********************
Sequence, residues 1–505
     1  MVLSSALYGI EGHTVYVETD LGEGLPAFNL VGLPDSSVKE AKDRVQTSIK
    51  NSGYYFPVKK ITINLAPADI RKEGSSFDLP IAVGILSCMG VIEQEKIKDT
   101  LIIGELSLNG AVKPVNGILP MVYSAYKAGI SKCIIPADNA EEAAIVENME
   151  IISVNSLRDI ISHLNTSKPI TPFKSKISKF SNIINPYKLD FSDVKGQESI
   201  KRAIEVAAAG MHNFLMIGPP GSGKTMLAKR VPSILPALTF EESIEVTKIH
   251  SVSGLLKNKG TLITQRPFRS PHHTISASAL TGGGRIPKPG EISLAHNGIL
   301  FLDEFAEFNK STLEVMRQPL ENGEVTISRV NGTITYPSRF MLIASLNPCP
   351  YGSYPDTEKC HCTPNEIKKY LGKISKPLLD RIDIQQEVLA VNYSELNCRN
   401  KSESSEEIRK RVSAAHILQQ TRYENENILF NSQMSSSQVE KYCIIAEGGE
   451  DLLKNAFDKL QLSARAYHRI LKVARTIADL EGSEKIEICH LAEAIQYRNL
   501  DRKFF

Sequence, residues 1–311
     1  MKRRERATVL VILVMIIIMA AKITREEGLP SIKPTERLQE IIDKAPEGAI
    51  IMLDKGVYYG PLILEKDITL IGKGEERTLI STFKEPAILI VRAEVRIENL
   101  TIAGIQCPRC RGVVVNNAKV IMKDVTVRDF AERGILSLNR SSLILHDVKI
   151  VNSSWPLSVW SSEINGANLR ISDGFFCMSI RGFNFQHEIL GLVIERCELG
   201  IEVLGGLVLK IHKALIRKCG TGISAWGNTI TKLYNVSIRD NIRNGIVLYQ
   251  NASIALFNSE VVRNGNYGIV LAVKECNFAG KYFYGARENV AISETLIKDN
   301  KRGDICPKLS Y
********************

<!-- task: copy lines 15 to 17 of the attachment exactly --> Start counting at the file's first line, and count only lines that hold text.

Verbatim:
    51  IMLDKGVYYG PLILEKDITL IGKGEERTLI STFKEPAILI VRAEVRIENL
   101  TIAGIQCPRC RGVVVNNAKV IMKDVTVRDF AERGILSLNR SSLILHDVKI
   151  VNSSWPLSVW SSEINGANLR ISDGFFCMSI RGFNFQHEIL GLVIERCELG